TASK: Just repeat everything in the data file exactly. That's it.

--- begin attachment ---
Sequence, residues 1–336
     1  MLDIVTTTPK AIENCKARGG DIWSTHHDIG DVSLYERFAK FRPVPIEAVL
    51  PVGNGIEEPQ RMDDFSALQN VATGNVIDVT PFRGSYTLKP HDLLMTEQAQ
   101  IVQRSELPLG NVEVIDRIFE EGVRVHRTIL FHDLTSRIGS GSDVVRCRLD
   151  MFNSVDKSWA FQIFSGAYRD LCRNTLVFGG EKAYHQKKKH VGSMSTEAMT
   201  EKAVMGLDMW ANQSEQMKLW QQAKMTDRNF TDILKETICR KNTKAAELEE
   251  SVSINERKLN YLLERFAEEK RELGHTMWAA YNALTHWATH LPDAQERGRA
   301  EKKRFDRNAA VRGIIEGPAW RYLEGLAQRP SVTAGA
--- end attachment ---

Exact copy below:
Sequence, residues 1–336
     1  MLDIVTTTPK AIENCKARGG DIWSTHHDIG DVSLYERFAK FRPVPIEAVL
    51  PVGNGIEEPQ RMDDFSALQN VATGNVIDVT PFRGSYTLKP HDLLMTEQAQ
   101  IVQRSELPLG NVEVIDRIFE EGVRVHRTIL FHDLTSRIGS GSDVVRCRLD
   151  MFNSVDKSWA FQIFSGAYRD LCRNTLVFGG EKAYHQKKKH VGSMSTEAMT
   201  EKAVMGLDMW ANQSEQMKLW QQAKMTDRNF TDILKETICR KNTKAAELEE
   251  SVSINERKLN YLLERFAEEK RELGHTMWAA YNALTHWATH LPDAQERGRA
   301  EKKRFDRNAA VRGIIEGPAW RYLEGLAQRP SVTAGA